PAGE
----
In Maryland, the Washington Senators start spring training with six knuckleballers likely to make the staff: Alex Carrasquel, Mickey Haefner, Dutch Leonard, Bill Lefebvre, Johnny Niggeling and Roger Wolff. Solid catcher Rick Ferrell will have to corral the flutterballs. Finally, Haefner, Leonard, Niggeling and Wolff will join Early Wynn in the starting rotation. The rest go to the bullpen.
Bert Shepard, a one-legged pitcher, begins a successful tryout with the Washington Senators. Shepard’s leg was amputated after a World War II flying mission. Shepard will pitch in only one game for the Senators, but his stint will be impressive. On August 4th, he will pitch five and one-third innings of one-run ball against the Boston Red Sox. Also a symbol of wartime baseball, outfielder Pete Gray of the St. Louis Browns, will field and bat with only one arm.
With World War II travel restrictions still in effect, the Brooklyn Dodgers open spring training at Bear Mountain, New York, with 15 players in camp. Seven teams – the St. Louis Browns, Detroit Tigers, Cincinnati Reds, Cleveland Indians, Chicago Cubs, Pittsburgh Pirates and Chicago White Sox – are training in Indiana, the most of any state. The Boston Red Sox are at Tufts College while the Boston Braves are prepping at the Choate School in Wallingford, Connecticut.
Bernie Gera files a civil rights suit against MLB when her contract to umpire in the New York-Penn League becomes void after six days without an explanation. The New York Court of Appeals, in an eventual landmark 5-2 decision, will uphold a previous court’s ruling, agreeing with the 39 year-old housewife’s contention that she had been discriminated against unlawfully.
1971 – Bernice Gera, a 39-year-old New York, NY housewife, files a lawsuit against organized baseball, claiming violation of her civil rights. Mrs. Gera had completed an umpire school and signed a contract to work in the New York-Penn League, only to see the deal be voided six days later with no explanation. Gera will eventually umpire one game before quitting.
In a nine-player spring training swap with Pittsburgh, the A’s send Phil Garner, Chris Batton, and Tommy Helms to the Pirates for Tony Armas, Mitchell Page, and four pitchers, including Doc Medich and Dave Giusti. Pittsburgh’s acquisition of infielder Phil Garner, the key player in the deal, will move a very disappointed Bill Robinson back into a utility role after he worked all winter to get ready to be the team’s everyday third baseman.
1978 – The Oakland Athletics trade star pitcher Vida Blue to the San Francisco Giants for seven players and nearly $400,000 in cash. In exchange for Blue, Oakland acquires catcher Gary Alexander, infielder Mario Guerrero, outfielder Gary Thomasson, and pitchers Dave Heaverlo, Phil Huffman, John Henry Johnson and Alan Wirth. Blue will win 18 games for the Giants this season.
Two games are played today in Round Two of the inaugural World Baseball Classic. In Pool One, at Angel Stadium, Chan Ho Park and four relievers combine to pitch a six-hitter, Jong Beom Lee hits a two-run double in the 8th inning, and South Korea beats Japan, 2 – 1, to clinch a spot in the semifinals. The United States, who would have been eliminated with a low-scoring win by Japan, can wrap up the other semifinal berth tomorrow with Roger Clemens on the mound, by beating Mexico. South Korea went 3-0 in Round 2; the United States is 1-1, Japan finishes 1-2, and Mexico is 0-2. The US beat Mexico, 2 – 0, in the first round. South Korea (6-0) still is the only undefeated team in the Classic.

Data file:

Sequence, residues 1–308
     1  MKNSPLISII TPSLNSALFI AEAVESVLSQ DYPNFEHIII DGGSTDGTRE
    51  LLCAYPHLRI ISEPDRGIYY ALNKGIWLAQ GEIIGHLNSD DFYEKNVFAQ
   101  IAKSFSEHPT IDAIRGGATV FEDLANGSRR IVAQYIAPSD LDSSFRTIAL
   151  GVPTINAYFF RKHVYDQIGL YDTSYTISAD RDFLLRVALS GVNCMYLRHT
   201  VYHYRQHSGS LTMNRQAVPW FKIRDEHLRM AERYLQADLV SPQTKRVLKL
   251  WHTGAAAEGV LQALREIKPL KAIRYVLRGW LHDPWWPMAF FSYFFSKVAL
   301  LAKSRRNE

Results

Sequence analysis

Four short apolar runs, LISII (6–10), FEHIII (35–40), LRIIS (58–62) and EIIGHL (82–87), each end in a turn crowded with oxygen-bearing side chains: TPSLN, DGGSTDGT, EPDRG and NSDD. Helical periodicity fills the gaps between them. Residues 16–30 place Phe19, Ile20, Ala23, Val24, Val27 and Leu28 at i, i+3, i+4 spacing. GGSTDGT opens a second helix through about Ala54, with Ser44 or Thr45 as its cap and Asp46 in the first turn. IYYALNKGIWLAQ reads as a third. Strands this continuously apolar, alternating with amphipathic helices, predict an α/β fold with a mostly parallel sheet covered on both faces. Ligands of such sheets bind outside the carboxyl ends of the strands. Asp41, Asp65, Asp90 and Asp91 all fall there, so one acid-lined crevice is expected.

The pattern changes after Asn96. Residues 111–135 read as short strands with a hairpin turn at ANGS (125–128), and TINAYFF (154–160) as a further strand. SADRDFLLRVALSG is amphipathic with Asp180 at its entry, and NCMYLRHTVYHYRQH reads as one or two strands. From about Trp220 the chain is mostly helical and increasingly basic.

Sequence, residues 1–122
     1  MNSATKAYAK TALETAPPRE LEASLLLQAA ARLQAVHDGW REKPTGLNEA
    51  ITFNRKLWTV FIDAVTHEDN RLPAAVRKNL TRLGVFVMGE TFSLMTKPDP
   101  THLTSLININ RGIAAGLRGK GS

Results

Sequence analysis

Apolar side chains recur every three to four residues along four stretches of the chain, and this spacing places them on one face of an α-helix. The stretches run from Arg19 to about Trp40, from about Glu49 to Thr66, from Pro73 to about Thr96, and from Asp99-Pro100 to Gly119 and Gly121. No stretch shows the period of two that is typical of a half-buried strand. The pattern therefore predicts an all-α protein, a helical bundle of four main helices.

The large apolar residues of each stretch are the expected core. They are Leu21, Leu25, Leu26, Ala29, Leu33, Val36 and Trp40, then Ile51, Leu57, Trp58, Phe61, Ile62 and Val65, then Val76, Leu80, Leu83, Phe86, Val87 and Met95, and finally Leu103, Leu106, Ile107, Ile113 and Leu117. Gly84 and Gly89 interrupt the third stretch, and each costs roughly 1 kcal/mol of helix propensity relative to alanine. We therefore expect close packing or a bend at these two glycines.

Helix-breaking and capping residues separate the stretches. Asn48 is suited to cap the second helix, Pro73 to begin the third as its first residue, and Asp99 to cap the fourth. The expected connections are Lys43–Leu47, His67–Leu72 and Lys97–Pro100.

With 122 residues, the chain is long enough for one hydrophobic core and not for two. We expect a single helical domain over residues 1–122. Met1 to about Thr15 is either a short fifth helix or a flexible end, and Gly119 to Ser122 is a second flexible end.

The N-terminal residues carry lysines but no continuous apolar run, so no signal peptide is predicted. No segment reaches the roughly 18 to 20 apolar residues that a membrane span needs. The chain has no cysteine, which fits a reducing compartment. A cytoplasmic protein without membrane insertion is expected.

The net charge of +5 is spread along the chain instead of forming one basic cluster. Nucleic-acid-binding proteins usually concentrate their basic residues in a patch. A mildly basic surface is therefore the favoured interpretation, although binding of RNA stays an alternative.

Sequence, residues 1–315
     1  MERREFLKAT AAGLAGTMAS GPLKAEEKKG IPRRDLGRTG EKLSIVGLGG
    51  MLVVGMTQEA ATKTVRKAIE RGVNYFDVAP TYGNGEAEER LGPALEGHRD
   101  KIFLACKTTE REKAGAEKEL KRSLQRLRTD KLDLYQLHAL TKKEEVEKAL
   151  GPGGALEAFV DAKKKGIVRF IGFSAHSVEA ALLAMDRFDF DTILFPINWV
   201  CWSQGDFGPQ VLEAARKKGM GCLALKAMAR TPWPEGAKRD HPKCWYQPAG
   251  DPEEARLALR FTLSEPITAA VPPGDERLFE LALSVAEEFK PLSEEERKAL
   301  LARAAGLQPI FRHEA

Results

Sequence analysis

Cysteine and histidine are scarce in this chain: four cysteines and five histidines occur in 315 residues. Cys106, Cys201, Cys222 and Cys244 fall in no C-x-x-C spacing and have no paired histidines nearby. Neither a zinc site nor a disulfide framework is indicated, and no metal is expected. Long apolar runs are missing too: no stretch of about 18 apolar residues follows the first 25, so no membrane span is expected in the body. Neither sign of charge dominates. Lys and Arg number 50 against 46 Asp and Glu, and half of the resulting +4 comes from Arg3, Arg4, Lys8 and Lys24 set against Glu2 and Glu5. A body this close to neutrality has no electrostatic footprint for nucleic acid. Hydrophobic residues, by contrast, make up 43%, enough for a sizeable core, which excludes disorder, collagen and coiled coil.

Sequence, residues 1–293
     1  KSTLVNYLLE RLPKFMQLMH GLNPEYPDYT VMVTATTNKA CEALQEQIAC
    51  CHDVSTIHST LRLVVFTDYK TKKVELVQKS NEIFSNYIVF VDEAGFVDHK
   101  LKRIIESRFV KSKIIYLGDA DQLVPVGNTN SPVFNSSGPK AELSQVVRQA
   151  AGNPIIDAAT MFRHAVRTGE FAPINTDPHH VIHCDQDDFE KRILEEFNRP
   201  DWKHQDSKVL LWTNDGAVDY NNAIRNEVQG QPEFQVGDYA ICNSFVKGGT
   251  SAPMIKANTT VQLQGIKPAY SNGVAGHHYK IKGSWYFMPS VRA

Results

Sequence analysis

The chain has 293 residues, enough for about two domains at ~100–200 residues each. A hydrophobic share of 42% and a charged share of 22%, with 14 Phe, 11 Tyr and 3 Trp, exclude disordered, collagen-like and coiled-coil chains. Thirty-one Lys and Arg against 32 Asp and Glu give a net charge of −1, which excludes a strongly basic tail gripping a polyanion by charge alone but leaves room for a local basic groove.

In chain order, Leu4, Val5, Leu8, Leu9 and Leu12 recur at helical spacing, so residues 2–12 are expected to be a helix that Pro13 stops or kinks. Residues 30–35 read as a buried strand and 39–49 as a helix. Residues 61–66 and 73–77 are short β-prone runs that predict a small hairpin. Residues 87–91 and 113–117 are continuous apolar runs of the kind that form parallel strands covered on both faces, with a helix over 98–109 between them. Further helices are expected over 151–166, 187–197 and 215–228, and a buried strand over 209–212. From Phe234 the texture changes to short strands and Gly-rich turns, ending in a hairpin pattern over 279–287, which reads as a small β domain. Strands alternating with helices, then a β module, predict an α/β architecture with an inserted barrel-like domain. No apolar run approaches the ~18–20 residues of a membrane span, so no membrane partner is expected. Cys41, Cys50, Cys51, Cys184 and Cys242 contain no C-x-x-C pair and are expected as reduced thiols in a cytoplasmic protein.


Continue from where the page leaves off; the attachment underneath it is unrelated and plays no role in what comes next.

Alexei Bell hits his 29th home run of the Cuban Serie Nacional season, going deep against Ubisney Bermúdez in the 2nd inning. The Santiago de Cuba outfielder breaks Joan Carlos Pedroso’s five-year-old homer record. Bell also drives in his 100th run of the season, the first player ever to do that in the 46 years of the Serie Nacional.
Daisuke Matsuzaka tosses six scoreless innings against the Cuban national team and Hisashi Iwakuma, Takahiro Mahara and Kyuji Fujikawa complete the shutout as Japan wins, 6 – 0, in the 2009 World Baseball Classic matchup of the 2006 finalists. Aroldis Chapman hits 100 mph on the radar gun but has trouble hitting the strike zone without being hit by Japanese bats and is knocked out in the 3rd inning.
Team USA eliminates the Dutch national team with a 9 – 3 romp as middle infielders Jimmy Rollins and Brian Roberts combine for 5 hits, 2 walks, 2 triples, 4 runs and 5 RBI. The Netherlands had previously upset the Dominican national team twice and almost beaten Puerto Rico, which had routed the USA in their match-up.
For the second time this spring, the Rangers’ Josh Hamilton has to leave work early because of injury. This time, he’s hit on the left arm by a pitch from the Giants’ Madison Bumgarner in the 3rd inning of an exhibition game. His bosses are concerned, since he missed half of 2009 with various ailments.